The aftermath of COVID-19 and quarantine has left many of us with myopic tendencies, and we are not looking at the bigger picture of how debt is impacting the world and what the consequences may be if our leaders or “We the People” voters don’t take any action to correct the problem.
On November 11, 2023 Peter St. Onge, a Mises Institute Associated Scholar and an Economic Research Fellow at the Heritage Foundation, wrote an op-ed on global debts:
“Sovereign debt is eating the world. Lining up a financial crash that could make 2008 look like a picnic.
In short, governments and central banks deluded themselves into thinking that unlimited deficit spending financed by unlimited money printing won’t do what they’ve done for literally millennia — plunge the economy into stagflation.
They are, of course, wrong. And we’re seeing the catastrophe unfold before our eyes.
We have two theoretical ways to stop a crisis: Fiscal and monetary.
Fiscal meaning dramatically reduce government spending, perhaps starting to pay off debt.
And monetary meaning reduce the ability of central banks to finance those deficits via inflation.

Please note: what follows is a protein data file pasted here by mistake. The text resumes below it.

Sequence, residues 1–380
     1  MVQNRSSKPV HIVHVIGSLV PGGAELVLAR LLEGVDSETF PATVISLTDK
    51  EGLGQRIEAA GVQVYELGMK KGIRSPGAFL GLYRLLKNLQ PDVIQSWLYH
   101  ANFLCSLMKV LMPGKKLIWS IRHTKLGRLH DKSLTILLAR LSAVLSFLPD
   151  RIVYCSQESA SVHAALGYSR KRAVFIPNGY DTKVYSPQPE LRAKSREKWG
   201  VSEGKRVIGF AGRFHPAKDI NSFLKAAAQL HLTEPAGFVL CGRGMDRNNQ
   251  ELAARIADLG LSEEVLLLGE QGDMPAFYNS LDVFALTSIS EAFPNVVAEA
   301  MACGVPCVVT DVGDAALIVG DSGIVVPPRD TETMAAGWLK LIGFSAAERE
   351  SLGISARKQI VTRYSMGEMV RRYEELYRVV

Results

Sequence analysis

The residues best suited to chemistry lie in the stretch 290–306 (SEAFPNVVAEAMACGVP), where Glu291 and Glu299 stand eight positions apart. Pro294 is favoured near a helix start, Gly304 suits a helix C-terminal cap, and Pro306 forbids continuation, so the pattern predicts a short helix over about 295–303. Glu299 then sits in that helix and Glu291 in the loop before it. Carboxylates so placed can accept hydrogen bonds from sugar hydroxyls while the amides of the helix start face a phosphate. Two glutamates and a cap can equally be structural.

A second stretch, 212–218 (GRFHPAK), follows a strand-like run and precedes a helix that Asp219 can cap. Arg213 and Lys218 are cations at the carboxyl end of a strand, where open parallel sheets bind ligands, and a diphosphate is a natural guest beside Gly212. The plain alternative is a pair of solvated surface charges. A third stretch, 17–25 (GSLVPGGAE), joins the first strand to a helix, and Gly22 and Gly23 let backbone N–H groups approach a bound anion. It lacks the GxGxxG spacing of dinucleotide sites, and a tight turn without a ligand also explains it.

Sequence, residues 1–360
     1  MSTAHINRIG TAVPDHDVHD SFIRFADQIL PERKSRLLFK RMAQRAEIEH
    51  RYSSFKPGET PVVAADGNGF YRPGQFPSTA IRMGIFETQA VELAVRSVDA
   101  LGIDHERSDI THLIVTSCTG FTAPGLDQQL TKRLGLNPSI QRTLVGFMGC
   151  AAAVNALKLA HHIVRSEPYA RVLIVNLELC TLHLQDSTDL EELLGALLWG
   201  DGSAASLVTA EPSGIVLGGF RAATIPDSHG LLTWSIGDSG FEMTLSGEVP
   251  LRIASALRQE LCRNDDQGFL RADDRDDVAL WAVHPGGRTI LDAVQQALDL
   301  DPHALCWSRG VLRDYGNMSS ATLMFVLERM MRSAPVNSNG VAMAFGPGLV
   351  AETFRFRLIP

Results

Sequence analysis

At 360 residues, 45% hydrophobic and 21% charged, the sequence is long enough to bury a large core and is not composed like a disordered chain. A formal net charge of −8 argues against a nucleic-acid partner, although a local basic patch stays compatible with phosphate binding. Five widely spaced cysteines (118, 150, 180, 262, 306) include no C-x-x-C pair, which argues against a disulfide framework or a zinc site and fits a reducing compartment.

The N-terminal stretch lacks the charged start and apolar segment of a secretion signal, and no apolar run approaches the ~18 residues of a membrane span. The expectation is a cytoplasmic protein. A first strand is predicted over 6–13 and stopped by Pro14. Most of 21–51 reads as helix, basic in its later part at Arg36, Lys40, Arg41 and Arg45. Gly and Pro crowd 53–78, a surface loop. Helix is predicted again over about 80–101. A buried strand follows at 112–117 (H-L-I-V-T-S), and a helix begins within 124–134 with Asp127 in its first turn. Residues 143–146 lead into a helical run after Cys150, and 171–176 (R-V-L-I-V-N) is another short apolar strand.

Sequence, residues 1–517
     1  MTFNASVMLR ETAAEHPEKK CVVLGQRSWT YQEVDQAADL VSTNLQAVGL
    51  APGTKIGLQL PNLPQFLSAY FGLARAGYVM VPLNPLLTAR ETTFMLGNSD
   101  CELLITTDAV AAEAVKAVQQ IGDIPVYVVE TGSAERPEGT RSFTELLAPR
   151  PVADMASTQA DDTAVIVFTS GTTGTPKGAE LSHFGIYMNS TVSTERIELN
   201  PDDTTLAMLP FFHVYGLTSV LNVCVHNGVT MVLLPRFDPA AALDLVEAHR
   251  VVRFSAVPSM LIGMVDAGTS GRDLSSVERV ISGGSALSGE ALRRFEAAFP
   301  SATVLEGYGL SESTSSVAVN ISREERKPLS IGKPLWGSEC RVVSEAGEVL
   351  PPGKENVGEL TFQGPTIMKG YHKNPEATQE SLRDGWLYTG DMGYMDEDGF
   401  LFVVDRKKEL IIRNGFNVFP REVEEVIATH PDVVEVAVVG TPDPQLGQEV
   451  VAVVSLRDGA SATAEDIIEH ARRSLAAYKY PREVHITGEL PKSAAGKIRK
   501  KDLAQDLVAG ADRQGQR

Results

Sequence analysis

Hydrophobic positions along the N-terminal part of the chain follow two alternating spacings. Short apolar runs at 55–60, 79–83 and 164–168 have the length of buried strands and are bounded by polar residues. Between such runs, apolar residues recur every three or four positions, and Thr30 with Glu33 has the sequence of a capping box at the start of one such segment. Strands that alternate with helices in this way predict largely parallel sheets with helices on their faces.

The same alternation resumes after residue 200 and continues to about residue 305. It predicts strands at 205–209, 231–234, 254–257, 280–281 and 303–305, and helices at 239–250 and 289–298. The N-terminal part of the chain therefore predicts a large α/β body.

What it would take on fiscal is either voters waking up and realizing en masse that we’re headed for a debt cliff. Or some ‘balanced budget’ mechanism — a Constitutional amendment, or perhaps Warren Buffett’s plan that if Congress can’t balance the budget, they all have to resign with a lifetime ban from politics. They would probably find a way. [emphasis & link by HFL]
Failing that, default also balances the budget. Because nobody will lend to you after you default. Of course, in the US case that would evaporate $34 trillion in paper wealth, which would wipe out thousands of banks, companies, and pension funds. It would be ugly.
And then the other solution: monetary. Here you could either End the Fed — in fact, end all the central banks. That would force governments to actually finance their deficits in the private market, which would not finance $10 trillion at a time.”